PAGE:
In the ranks of seen-it-all-before
Unfortunately the similarities start to grind to a halt around here. There's little of the sense of urgency that accompanied Killing Game Show, for instance - there's no groovy soundtrack, there's no 'instant replay' feature (a real shame - why didn't that idea catch on?) and there's little spark. Instead, there are a series of token gameplay novelties.
For example, at one point on each level you'll find a computer terminal. Stand behind the terminal, hit fire to boot up and a whole array of utilities are suddenly at your disposal.
There's the 'object analysis' feature, which you have to submit ay unidentified object you may have collected along the way to computer-aided scrutiny. What the terminal's conclusion may lack in Hugh Scully charm and materialistic 'how-much-should-I-insure-it-for?' opinion, it makes up for in practical use. For instance, it will hint as to where certain objects need to be used - and in roughly what order - if your escape bid is to be successful.
THAT SHERILYN FENN FACTOR
This is actually very useful. As the game progresses, you'll find yourself in the possession of all sorts of weird and wonderful objects, but with no clear idea of how to use them. The first level is simple. Find the key to unlock the gold store, then pay the toll-keeper at the end of the level with the gold. Easy enough, but the plot soon reaches Twin Peaks complexity in later levels as you have to get your head around a whole Argos catalogue of potentially-crucial objects, seemingly littered around the scenery at random.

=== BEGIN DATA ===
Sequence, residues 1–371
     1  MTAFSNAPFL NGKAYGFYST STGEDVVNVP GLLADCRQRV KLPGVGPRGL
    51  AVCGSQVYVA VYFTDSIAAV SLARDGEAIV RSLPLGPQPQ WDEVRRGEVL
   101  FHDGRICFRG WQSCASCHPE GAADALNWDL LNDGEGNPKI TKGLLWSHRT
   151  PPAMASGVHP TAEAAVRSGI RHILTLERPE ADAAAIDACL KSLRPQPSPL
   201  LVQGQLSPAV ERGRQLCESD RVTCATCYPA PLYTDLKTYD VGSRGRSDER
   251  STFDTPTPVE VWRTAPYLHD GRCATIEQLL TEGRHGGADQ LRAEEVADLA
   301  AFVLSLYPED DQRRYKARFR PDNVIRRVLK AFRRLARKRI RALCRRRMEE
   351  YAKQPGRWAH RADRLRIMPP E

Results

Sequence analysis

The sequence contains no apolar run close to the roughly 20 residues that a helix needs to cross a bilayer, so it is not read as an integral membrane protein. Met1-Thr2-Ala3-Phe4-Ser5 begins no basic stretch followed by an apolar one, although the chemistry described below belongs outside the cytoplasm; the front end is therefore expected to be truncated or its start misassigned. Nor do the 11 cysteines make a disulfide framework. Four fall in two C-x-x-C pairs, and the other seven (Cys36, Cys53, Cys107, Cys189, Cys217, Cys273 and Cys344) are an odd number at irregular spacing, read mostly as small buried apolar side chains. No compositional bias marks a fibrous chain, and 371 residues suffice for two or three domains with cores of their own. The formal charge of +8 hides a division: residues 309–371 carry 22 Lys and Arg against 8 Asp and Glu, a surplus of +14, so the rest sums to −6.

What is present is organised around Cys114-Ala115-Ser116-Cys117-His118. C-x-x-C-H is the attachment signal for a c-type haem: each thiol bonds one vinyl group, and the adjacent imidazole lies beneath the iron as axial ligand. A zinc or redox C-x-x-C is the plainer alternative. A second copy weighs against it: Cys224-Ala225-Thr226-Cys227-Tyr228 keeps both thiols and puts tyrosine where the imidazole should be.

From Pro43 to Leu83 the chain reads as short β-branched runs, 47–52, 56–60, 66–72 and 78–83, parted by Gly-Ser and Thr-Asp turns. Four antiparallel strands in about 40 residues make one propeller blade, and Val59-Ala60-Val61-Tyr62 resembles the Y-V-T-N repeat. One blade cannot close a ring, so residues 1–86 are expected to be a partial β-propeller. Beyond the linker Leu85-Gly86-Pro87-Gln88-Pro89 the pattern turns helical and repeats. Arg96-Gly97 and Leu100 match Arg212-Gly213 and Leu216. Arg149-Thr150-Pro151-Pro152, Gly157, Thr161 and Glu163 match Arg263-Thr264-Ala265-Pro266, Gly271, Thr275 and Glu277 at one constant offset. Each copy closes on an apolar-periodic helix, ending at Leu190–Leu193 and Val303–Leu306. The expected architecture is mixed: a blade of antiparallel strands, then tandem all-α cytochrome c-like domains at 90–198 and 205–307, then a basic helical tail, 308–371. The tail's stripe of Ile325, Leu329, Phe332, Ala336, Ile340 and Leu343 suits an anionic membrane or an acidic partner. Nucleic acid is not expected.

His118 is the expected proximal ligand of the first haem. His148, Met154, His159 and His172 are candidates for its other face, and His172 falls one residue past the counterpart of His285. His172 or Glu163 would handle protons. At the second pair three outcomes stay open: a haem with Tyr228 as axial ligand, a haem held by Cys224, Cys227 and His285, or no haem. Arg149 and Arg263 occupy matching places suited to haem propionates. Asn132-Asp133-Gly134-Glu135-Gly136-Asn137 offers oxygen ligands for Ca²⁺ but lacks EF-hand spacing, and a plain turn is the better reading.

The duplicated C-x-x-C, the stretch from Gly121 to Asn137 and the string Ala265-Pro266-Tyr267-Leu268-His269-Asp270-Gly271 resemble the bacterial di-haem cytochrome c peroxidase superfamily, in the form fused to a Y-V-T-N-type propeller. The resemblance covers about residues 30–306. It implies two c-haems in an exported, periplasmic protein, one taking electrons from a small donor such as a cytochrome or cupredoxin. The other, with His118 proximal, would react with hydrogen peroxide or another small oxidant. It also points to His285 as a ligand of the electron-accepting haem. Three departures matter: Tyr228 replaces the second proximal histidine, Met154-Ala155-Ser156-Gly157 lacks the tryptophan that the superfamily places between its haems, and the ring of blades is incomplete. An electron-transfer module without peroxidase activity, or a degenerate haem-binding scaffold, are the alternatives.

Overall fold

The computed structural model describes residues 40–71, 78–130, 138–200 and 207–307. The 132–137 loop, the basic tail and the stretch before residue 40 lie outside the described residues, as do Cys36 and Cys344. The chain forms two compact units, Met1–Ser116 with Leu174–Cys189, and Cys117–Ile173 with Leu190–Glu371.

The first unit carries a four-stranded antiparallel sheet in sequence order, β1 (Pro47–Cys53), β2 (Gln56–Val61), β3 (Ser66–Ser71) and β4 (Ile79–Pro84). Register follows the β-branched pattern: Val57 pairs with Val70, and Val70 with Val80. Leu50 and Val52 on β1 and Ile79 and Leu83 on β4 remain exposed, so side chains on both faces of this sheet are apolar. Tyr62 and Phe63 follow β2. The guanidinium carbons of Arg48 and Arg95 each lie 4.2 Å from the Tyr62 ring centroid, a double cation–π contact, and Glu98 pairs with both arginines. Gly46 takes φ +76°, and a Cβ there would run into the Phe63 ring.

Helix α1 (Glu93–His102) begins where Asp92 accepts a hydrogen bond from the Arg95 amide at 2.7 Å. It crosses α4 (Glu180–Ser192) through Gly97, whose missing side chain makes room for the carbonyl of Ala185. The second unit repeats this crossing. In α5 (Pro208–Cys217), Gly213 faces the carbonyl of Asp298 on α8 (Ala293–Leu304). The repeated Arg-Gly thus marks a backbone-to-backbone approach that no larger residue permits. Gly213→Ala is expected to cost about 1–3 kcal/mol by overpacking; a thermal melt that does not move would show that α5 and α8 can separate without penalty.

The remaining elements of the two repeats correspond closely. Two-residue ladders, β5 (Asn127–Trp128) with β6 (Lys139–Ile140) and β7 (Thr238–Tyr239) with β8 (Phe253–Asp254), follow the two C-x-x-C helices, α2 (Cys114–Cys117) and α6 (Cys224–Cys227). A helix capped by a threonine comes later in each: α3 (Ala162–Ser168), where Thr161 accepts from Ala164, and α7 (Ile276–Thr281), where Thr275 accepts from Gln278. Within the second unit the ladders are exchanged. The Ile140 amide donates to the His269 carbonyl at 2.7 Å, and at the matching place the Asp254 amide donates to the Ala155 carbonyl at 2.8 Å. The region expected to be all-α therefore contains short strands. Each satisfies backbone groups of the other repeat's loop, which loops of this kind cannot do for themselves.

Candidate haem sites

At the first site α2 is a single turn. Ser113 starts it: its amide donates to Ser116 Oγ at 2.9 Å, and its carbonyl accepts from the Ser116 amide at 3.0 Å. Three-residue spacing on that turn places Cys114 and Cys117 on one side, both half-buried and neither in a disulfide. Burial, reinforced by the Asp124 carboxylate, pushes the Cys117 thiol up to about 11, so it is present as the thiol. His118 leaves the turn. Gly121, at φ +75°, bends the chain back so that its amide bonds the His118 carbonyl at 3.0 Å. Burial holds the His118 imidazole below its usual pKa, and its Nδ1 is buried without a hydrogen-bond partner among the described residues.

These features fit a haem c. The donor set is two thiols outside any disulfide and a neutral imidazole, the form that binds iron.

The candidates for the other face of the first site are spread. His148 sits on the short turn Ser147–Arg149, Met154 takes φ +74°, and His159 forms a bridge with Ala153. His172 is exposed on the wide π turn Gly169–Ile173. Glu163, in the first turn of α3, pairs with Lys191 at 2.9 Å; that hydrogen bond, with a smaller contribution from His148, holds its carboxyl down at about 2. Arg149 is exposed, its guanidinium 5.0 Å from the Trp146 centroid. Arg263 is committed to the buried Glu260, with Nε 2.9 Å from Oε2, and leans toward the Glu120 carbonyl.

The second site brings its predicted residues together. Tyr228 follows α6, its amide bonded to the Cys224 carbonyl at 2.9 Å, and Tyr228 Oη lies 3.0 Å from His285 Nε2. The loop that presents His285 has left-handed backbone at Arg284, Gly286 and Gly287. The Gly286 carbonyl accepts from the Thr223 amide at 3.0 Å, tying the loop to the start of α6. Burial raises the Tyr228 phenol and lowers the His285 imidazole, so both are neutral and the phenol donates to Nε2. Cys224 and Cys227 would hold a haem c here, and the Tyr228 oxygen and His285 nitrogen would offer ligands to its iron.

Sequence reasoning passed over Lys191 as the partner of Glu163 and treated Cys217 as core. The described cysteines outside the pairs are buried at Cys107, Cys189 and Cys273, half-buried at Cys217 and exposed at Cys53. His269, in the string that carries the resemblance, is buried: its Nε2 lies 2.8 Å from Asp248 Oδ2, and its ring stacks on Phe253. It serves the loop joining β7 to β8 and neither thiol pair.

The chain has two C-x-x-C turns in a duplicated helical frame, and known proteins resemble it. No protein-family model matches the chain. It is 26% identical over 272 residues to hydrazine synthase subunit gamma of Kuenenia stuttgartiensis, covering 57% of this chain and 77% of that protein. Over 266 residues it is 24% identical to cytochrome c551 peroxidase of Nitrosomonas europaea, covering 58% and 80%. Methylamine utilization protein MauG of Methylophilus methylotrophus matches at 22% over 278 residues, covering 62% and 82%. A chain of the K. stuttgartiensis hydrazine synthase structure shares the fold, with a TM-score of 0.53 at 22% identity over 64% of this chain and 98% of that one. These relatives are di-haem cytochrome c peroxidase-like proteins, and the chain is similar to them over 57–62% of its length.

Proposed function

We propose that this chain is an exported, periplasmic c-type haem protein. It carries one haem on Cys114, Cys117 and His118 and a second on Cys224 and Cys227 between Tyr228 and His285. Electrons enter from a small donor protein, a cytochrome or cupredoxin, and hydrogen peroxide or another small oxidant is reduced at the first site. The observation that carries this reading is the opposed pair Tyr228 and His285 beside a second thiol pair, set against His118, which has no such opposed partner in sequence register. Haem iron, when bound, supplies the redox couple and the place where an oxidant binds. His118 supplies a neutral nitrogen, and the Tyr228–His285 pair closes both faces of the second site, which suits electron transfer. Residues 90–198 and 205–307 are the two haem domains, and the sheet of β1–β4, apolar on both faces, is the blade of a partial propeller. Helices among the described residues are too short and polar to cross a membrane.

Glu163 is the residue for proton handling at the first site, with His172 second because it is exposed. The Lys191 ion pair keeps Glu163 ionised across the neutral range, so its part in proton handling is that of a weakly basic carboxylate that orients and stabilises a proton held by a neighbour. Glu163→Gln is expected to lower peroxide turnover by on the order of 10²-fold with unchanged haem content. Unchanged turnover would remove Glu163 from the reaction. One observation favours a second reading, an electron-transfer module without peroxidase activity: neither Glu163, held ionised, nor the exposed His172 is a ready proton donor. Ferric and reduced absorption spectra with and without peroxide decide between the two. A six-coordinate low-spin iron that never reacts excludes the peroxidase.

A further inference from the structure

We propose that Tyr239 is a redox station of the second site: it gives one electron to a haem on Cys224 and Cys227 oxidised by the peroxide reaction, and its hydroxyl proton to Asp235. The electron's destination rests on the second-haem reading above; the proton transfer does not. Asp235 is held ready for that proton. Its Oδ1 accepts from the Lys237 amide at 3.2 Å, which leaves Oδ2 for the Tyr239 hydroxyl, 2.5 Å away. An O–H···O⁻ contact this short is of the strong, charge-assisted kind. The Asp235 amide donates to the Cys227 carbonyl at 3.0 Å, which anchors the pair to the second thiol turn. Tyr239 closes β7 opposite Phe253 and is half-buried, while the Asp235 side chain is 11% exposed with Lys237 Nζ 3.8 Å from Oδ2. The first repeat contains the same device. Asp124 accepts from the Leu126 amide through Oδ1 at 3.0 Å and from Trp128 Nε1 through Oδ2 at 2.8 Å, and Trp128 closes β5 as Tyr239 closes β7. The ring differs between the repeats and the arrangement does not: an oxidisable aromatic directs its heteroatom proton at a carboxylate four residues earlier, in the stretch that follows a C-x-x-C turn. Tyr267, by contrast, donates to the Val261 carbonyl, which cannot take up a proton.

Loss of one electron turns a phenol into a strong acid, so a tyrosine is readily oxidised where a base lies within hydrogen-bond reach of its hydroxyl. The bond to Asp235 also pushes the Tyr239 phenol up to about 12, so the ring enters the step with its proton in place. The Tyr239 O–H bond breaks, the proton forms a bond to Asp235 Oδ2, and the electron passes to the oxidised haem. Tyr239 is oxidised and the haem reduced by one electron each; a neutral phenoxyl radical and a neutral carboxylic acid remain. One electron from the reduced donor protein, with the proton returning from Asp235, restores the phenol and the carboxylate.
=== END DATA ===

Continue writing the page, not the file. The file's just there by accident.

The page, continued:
Another helpful feature available at the terminal is a scanner. This will flash up a section of map, helpfully pointing out your location - but only after you've activated the scanner module found elsewhere on the level. There's also a save/continue game option, a life-force indicator and a percentage display of how far through the game you've explored.
And then there's (hurrah!) the jet pack. Your first chance to play with this comes on level two. Fuel is limited (although you can pick plenty more up along the way), so it's a good idea to plan your route in advance. This is fun, and carefully deciding when to airborne is crucial to success.
We're running right up to the end of the page, so I'd better be brief. The point is, it's all very well, but these few novelties don't really combine to rescue Ork from the ranks of the seen-it-all-before. It's very slick, it plays well and looks good. But that's just about your lot. There's nothing extra to it, nothing special, and although you won't feel ripped off if you buy it, neither will you feel inclined to add it to your list of favourite games. For my money, the game doesn't do the graphics justice - it's mutton dressed up as a lamb.